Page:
My guest, Meg Worden, was born in Lake Charles, Louisiana. With her father in the oil business and her mother working for the airlines, she spent a lot of time moving—from Norway to Texas, she’s been just about everywhere. She has also lived quite a life, and has an amazing story to tell.
She’s a Wellness Consultant, Writer, and Health Coach. But Meg is not your everyday health coach. Her methodologies go way beyond diet to a place where your body is a brilliant tool—to give, receive, and connect. Her practice is about giving individuals the ability to be more responsive (vs. reactive) to the things that life throws at you on a daily basis—to survive and thrive. To say her sessions go pretty deep would be an understatement.
Meg basically works to activate magic in people. She’s the Director of Strategic Partnerships at A Social Ignition, an organization that has developed a curriculum for entrepreneurship taught inside and outside of prison. She writes, helps spread stories about the broken justice system, coaches, and speaks internationally about using health and wellness as an element of success.
But the most inspiring part of her multi-layered life is when she found her voice and learned to tell her fascinating story. That story involves drug charges and federal prison. And it’s a story you’ll want to listen to.
It turns out learning how to tell this story was so important on so many levels. And when she finally decided to do it, pushing past the worry, about her business, neighbors, and clients—it was one of the best decisions she’s ever made. And that is why I wanted her on the show–to teach others how to put something in the world that creates a connection.
Letting her story out was beyond scary. Think about it… “Hi I’m Meg, I’m a health coach and I was in prison.” But in the end, the decision to tell her story has made all the difference in the world because it’s established many connections with other humans, some her own clients. It’s actually helped her health practice because having it out there makes people feel they’ll be working with a human. Honesty like this activates compassion not judgement or fear.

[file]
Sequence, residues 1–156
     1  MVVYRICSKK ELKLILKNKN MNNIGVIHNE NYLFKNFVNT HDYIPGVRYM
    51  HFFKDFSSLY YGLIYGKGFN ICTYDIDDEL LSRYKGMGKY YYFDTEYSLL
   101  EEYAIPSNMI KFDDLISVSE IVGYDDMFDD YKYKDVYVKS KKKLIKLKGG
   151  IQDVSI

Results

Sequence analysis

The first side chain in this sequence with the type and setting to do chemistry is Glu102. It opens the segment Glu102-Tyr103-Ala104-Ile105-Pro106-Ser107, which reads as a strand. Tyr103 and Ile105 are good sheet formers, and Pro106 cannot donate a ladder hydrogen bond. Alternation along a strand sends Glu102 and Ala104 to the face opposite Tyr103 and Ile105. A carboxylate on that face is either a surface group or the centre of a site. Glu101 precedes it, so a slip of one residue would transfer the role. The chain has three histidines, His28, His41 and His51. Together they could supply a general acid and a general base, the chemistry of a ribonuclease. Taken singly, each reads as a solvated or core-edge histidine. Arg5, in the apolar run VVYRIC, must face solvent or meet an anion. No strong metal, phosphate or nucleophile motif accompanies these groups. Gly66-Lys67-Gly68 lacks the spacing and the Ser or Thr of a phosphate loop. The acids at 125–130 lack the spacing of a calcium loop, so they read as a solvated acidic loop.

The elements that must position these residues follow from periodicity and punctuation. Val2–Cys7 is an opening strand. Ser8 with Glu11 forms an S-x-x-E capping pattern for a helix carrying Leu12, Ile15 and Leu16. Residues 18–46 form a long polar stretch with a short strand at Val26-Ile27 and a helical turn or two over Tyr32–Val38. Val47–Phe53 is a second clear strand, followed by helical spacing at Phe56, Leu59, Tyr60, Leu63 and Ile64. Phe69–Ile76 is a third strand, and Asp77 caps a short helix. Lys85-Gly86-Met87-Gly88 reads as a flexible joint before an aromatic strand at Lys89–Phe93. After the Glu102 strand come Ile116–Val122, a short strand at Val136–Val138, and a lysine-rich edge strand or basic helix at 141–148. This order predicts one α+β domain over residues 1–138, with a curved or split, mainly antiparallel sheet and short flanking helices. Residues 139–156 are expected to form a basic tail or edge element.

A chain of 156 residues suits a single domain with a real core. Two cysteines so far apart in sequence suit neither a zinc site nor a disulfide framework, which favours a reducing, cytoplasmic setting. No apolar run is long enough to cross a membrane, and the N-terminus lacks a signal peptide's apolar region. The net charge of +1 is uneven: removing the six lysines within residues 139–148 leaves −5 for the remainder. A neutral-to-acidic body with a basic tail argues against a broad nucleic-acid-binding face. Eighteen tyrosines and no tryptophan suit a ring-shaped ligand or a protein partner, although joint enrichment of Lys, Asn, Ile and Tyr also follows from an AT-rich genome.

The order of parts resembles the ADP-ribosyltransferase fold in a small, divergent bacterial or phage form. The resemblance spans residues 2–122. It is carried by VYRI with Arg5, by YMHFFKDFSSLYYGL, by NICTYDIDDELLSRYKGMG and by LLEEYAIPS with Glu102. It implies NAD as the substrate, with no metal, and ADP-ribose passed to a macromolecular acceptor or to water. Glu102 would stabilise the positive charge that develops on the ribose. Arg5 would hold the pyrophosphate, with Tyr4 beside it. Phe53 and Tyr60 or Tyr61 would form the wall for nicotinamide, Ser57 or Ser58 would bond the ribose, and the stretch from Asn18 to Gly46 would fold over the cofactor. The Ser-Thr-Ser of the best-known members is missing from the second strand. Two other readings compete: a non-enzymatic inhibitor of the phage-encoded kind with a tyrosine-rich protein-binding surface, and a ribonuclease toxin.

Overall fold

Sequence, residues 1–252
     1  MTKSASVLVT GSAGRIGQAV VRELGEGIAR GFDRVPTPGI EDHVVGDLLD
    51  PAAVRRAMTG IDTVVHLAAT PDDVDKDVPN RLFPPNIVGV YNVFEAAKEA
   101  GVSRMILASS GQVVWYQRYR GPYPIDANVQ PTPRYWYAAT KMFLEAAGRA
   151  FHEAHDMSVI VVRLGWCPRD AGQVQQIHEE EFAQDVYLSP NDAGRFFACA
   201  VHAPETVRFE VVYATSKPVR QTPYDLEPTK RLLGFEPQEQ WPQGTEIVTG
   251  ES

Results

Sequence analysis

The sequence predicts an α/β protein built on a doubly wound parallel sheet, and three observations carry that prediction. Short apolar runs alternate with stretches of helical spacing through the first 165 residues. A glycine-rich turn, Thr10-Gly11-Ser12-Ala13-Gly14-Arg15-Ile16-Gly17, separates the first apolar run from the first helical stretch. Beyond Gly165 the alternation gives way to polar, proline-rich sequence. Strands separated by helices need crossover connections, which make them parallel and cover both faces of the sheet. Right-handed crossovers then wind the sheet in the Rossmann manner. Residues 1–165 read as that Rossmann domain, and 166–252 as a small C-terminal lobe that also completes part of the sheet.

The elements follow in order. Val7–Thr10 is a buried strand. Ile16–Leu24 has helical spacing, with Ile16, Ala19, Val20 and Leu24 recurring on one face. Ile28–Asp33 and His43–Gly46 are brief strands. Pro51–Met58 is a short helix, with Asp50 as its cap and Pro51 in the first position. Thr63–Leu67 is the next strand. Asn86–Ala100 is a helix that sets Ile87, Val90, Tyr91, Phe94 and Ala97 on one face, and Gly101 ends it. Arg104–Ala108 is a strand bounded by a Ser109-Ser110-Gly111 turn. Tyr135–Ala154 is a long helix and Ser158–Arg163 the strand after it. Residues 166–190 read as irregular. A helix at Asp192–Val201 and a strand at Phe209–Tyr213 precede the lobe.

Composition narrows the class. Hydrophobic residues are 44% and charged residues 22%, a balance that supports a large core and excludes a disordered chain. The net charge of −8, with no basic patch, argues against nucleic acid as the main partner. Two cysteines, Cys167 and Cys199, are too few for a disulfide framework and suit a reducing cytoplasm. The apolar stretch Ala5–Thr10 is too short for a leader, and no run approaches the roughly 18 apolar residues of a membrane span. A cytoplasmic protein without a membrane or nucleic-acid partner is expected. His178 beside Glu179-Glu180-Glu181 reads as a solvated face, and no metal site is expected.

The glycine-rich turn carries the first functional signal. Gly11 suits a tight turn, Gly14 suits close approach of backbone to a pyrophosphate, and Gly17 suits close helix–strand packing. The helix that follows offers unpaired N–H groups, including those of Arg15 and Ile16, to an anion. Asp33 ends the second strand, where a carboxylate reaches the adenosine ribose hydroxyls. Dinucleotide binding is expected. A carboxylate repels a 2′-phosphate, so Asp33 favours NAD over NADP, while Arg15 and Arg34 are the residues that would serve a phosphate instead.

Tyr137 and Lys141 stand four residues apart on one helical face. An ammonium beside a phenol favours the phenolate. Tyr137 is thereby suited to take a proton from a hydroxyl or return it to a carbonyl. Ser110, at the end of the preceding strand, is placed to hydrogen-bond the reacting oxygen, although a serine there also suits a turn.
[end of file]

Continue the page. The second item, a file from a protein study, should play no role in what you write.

We go deep into her coaching practice, her daily routine, and what inspires her. We also discuss why the pervasive messages centering on self-improvement—the “you’re not good enough” message—might be detrimental and why it infuriates her.
Meg has an amazing story and she has a lot to teach. I think you’ll love this interview.
What you’ll learn:
- The importance of putting something out into the world that creates a connection.
- Why it’s always important to come back to health and your body.
- Sometimes getting more out of life is about stopping.
- A huge part of figuring out who you are is about not focusing on yourself, and instead being part of a collective.
- That telling hard truths can often lead to peace.
- While during her time in prison, she met only one person she thought really deserved to be there.
- How to better tell your own story.
Questions I ask:
- Do you see your time in prison as a gift?
- How did you start telling your story?
- How has being 100% honest about your past helped you and your business?
- What is a typical work day like for you? How do you get so much done?
- What is “showing up?”
- If you had a chance to hang out with anyone, alive or dead, who would it be?
Links mentioned in the show:
- A Social Ignition
- Dear People Who Live in Fancy Tiny Houses
- Modern Romance by Aziz Ansari
- Gabriel Garcia Marquez
- Janelle Hanchett: Renegade Mothering | Tales of A Wayward Mama
- Meg Worden at Back Fence PDX
- Meg’s own site: MegWorden
Want to find out why I started the Art of Breaking Out podcast? Read this.
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